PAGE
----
Ordinary People by Diana Evans

Ordinary People is a story about two couples living south of the river in London in 2008 and how they reach tiny breaking points. Melissa and Michael have a terraced house and a new baby along with their daughter Ria, but they are falling slowly apart. Michael focuses on his commute on the 176 bus and an image of Melissa in the past that doesn’t account for who she is now, whereas Melissa thinks the house is bearing down on her and doesn’t want to let Michael close. Further out in the suburbs, Michael’s old friend Damien and his wife Stephanie are trying to keep together after the death of Damien’s father and the realities of no longer living in the city.

This is a novel about relationships, family, and location, tied together by south London and by different characters’ versions of being a black Londoner. It shows the minutiae of domesticity and the ways in which tiny misunderstandings and closed off moments build up. The narrative is focused upon the characters and their relationships rather than events, which gives it a sense of being a kind of fictional snapshot into people’s lives.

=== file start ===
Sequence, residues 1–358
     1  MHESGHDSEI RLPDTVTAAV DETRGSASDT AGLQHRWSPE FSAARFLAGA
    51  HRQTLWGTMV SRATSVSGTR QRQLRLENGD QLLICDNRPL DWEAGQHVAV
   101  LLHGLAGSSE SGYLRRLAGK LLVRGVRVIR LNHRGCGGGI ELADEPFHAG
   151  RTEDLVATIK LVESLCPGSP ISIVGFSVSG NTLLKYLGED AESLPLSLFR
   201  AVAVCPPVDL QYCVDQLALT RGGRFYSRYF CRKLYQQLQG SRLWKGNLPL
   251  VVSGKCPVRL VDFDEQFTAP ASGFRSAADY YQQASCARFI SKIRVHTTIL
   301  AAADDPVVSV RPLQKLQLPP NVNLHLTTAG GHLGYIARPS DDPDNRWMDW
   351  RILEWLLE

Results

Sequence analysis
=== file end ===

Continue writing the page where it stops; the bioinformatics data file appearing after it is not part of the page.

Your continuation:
The highlight of Ordinary People is its depiction of south London, full of geographical specificity and recognisable elements and descriptions. It is a novel for people who like reading books set in London that focus on character and relationships and how people’s identities are shaped by themselves and others.